Retailers rebound slightly in October
Home & Textiles Today Staff -- Home Textiles Today, November 9, 2001
New York — Facing a list of challenges that seems to grow longer each week, retailers rebounded a bit from September, with same-store sales climbing 1.3 percent for October.
However, in addition to the slumping economy and the fallout from the September terrorist attacks, chain stores still have to deal with sagging consumer confidence on the cusp of the holiday season.
"We continue to feel the effects of a weaker retail environment," said Jim Famalette, president and ceo of Gottschalks, and others echoed his sentiments.
Value-oriented retailers were not surprisingly among the winners last month, as consumers became more discriminating about how they spent their money. Costco, Dollar General, Family Dollar, the Target division of Target Corp., and all of Wal-Mart's divisions posted single-digit increases in comp-store sales, as well as double-digit increases in overall sales.
Other chains that accomplished this were Jo-Ann Fabrics, Pier 1 Imports, and TJX. Kohl's showed double-digit increases in both categories.
Unfortunately, times are tougher for department stores. Marshall Field's, Federated's department stores, Elder-Beerman, May, Saks Inc., and Sears (tied with discounter Kmart) pulled the worst comp-store sales in the chain stores group for October, respectively.
Elder-Beerman noted that October sales were affected by the shift of a major sales event from October 2000 to September 2001, and the total combined sales for September and October provide a better comparison to 2000, which would show a sales decrease of 0.3 percent and comp-store decrease of 3.9 percent.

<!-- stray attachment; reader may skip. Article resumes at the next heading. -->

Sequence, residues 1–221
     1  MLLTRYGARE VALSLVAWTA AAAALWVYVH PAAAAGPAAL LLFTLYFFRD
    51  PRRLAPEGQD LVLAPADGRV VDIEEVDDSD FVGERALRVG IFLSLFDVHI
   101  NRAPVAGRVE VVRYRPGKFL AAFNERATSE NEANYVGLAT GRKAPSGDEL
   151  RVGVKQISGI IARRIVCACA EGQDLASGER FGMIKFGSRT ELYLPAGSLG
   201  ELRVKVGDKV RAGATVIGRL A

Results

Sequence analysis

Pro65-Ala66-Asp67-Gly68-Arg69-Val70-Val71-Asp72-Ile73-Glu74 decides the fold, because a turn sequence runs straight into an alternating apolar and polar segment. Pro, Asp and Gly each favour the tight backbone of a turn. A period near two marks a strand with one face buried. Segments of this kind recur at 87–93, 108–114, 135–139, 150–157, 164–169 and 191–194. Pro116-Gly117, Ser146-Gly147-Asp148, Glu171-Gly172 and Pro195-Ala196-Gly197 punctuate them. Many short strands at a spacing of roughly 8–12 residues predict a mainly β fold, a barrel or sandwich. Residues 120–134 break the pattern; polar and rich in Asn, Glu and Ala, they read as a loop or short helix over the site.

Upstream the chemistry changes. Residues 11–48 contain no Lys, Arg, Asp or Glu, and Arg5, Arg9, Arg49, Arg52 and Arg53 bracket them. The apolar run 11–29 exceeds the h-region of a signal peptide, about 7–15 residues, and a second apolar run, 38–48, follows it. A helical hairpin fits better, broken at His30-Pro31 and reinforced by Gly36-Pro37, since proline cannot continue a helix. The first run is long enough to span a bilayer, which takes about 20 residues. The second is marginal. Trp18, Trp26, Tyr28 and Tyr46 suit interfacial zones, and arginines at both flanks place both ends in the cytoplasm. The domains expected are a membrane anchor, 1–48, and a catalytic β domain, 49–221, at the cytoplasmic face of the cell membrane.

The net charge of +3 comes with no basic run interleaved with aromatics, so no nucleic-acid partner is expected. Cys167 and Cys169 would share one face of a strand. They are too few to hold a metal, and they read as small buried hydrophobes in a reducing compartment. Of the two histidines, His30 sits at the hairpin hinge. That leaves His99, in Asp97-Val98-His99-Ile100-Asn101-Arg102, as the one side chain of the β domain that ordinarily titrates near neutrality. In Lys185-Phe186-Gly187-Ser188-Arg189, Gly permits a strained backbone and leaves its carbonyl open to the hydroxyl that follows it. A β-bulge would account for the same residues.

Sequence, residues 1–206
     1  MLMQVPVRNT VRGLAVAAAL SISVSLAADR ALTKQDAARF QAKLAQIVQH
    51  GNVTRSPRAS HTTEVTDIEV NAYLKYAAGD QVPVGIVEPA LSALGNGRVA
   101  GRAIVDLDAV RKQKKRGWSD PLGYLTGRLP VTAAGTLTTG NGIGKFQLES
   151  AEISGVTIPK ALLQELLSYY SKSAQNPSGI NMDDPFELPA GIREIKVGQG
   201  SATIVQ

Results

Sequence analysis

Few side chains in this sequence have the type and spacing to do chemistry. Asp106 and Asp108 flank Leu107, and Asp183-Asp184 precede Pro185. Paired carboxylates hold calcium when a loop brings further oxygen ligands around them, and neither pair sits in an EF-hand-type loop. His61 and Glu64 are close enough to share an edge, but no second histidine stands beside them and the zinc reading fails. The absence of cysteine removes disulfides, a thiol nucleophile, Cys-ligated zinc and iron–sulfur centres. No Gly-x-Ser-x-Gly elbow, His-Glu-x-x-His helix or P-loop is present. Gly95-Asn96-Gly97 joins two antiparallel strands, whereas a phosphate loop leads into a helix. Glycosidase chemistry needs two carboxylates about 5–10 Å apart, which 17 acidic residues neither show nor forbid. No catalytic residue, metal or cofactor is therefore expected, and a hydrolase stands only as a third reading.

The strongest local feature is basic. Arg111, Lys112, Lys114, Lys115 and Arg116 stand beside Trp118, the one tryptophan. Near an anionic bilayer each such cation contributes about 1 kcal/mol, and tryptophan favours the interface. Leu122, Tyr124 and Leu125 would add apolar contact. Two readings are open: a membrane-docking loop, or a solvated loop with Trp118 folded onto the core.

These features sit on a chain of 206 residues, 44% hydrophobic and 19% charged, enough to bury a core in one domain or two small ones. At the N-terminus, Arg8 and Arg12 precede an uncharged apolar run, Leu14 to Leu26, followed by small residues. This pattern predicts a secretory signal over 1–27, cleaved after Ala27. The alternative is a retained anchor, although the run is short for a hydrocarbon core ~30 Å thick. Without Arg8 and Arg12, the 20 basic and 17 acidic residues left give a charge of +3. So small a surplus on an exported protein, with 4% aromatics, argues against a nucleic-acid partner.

Saks Inc.'s Saks Department Store Group cited home as showing weaker sales performances last month.
And though Family Dollar had a strong month, with a 15.8 percent sales increase and a 6.2 percent comp store sales increase, that was mainly due to its hardlines, which grew about 8.2 percent, while softlines declined about 0.3 percent.
For other chain stores, however, the home category was a plus. JCPenney said home furnishings was one of the best performers last month, along with apparel and men's. Ross Stores saw the home category earn mid-single-digit growth.
At TJX's MarMaxx Group — the umbrella for T.J. Maxx and Marshalls — home outperformed apparel on a comp basis, with home comps up 6 percent and apparel up 3 percent. In addition, TJX's HomeGoods unit saw its comps climb 12.0 percent, ahead of plan.
Pier 1 Imports, with a 12.2 percent sales gain as well as comp-store sales growth of 4.0 percent, believes that home will perform well over the next few months, said Marvin Girouard, chairman and ceo.
In addition, Kmart noted that in October 2000, it liquidated more than $52 million worth of discontinued inventory, which accounted for 2 percent of its same-store sales that month. Excluding the effect of those liquidation sales, Kmart's same-store sales for October 2001 would have improved by 200 basis points.
"Our sales mix was healthier this year, with an increase of more than 10 percent in regular-priced merchandise compared to last year, reflecting our launch of BlueLight Always and a significant reduction of print media," said Chuck Conaway, chairman and ceo. "In addition to the weaker Halloween sales, as some communities scaled back trick or treating, we moved our very important toy catalog promotion into November, for a higher return on capital."
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